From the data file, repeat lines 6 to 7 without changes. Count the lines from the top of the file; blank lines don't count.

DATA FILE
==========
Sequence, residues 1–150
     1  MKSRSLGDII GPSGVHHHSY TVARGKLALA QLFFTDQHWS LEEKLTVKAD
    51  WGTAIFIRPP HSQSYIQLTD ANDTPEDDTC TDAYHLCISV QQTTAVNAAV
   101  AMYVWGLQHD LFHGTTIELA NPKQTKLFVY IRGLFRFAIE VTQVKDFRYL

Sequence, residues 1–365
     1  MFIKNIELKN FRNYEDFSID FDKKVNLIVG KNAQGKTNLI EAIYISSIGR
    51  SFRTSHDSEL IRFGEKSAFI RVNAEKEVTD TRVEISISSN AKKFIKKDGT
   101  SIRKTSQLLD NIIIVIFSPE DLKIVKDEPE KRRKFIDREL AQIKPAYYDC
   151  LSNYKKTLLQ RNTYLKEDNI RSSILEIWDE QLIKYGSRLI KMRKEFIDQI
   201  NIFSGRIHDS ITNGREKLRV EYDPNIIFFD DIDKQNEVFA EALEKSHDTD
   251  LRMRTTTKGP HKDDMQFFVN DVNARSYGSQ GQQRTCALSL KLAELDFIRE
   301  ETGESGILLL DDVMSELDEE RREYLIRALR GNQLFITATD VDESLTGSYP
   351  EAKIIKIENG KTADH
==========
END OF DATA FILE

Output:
     1  MFIKNIELKN FRNYEDFSID FDKKVNLIVG KNAQGKTNLI EAIYISSIGR
    51  SFRTSHDSEL IRFGEKSAFI RVNAEKEVTD TRVEISISSN AKKFIKKDGT